Maybe Government Shouldn’t Just “Get Out Of The Way”

A number of years ago, I read a book by a well-regarded libertarian academic, arguing against most government regulation. I don’t remember a great deal of it, but I do vividly recall his argument against the FAA’s assignment of air lanes (and actually, the agency’s very existence): he argued that the choice of airplane paths should be left to the airlines. Once a couple of planes collided midair and they got sued for big bucks, airline CEOs would get together to work out routes and ensure that it didn’t happen again.

Maybe I’m just a weenie, but I’d prefer not to be on one of those planes that collided.

I thought about that argument when I read the Sunday New York Times article attributing the two Boeing disasters to lax government regulation. Evidently, the officials charged with oversight allowed Boeing to “self-certify” the safety of many of its components and processes–as a result, regulators had never independently assessed the risks of the software known as MCAS when they approved the plane in 2017.

When you put the fox in charge of the henhouse…..

It has been an article of faith of the GOP that there is just too much government regulation–their default position is that most state intrusion into the marketplace is illegitimate and unnecessary. They seem unable to comprehend why government regulations were ever created.

Not long after the events that triggered the Great Recession, the New York Times ran a column by Edward Glaeser, in which he discussed the importance of both the public and private sectors in sustaining a workable market economy. Among his points:

Markets are built on both private entrepreneurs and public law enforcement. For centuries, investors have relied on courts to enforce contracts. Who would buy a company’s shares if the law didn’t impose a fiduciary duty on their issuer? Every person with a bank account in the United States relies on the government to protect his or her assets. Taxpayers also trust that the government can make the costs of overseeing the banking system reasonable.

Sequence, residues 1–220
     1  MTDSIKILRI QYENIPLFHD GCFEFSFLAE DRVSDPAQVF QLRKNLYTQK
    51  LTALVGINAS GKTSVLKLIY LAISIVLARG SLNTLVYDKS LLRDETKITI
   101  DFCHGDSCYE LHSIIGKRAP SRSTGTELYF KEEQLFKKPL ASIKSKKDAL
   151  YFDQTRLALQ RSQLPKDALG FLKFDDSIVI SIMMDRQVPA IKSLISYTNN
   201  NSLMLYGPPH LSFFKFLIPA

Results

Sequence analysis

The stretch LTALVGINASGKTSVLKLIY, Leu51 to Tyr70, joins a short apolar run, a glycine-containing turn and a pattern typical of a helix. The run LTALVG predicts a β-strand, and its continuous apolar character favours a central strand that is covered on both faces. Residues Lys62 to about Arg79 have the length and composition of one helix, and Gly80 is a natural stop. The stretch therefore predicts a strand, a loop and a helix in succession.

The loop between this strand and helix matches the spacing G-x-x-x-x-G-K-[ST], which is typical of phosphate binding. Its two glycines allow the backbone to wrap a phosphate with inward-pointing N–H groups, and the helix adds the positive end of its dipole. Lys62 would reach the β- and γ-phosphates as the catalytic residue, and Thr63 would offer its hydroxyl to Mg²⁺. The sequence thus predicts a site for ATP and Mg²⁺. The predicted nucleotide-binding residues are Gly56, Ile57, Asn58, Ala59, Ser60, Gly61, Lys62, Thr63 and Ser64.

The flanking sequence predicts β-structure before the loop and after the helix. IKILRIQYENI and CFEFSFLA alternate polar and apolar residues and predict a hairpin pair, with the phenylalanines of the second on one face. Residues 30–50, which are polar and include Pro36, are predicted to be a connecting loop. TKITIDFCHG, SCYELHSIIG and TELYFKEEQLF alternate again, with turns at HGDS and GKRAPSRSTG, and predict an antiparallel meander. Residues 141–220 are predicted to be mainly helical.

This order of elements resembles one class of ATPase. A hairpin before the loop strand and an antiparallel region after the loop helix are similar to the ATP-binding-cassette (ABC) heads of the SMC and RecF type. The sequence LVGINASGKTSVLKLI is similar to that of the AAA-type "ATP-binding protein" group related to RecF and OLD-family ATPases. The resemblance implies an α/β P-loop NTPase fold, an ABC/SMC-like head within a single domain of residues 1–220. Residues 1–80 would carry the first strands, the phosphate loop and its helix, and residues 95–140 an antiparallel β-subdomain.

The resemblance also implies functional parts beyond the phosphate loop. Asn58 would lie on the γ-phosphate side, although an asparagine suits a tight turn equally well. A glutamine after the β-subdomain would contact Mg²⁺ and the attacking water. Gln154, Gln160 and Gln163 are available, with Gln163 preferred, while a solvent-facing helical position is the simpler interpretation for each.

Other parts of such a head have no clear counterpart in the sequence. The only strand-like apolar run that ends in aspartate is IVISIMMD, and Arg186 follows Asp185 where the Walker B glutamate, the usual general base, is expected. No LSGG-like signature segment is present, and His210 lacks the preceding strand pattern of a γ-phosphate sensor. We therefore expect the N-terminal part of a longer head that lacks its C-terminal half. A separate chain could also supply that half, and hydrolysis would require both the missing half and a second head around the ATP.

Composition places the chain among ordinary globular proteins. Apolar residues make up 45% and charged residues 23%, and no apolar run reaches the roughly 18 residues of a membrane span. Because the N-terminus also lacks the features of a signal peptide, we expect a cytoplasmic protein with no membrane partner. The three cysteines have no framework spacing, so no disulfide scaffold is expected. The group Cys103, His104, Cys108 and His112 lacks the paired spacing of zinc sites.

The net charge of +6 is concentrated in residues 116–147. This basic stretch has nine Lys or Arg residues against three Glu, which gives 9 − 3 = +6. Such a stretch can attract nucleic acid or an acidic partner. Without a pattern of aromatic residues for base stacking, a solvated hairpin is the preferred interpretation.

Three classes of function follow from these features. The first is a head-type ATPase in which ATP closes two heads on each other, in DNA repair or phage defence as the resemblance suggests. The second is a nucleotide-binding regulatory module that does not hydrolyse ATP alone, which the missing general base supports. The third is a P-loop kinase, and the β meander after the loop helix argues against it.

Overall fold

So who failed? Certainly, the shenanigans on Wall Street remind us that capitalists are not angels, and that unchecked, their mischief can do much harm. But the point of financial market regulation was to ensure that misbehavior would not imperil the entire system.

Are some regulations onerous? Stupid? Unneeded? Sure. But even bigger problems emerge from inadequate regulation and/or enforcement.

Glaeser was writing about the importance of government’s role in financial oversight, an issue that Elizabeth Warren has consistently raised. It takes only a short walk down memory lane to remind us of numerous others.

The BP oil spill in the Gulf has been attributed to inadequate inspections of drilling machinery; the collapse of the I35W bridge was attributed to deficient government infrastructure inspections; the mine collapse in West Virginia occurred because regulators failed to cite and punish the owner for refusing to install required safety equipment; the Enron, Worldcon and Madoff scandals were enabled by a lax SEC.

As a consequences of such inadequate oversight, thousands of people were harmed. Hundreds died.

We rely upon the Food and Drug Administration to ensure that our medications are safe and effective, our chickens free of e coli. (As I tell my students when we discuss regulatory processes, I’d just as soon not have to test the chicken I buy in the supermarket myself when I get it home.)

We rely on the Consumer Product Safety Commission to ensure that the toys we buy our children are free from toxic paint and dangerous parts.

We rely on the FAA to independently inspect the aircraft we fly in, and to regulate those flight paths so that we don’t meet midair.

Caveat emptor is no substitute for competent government oversight–and right now, Americans do not have a competent government.

Sheila Kennedy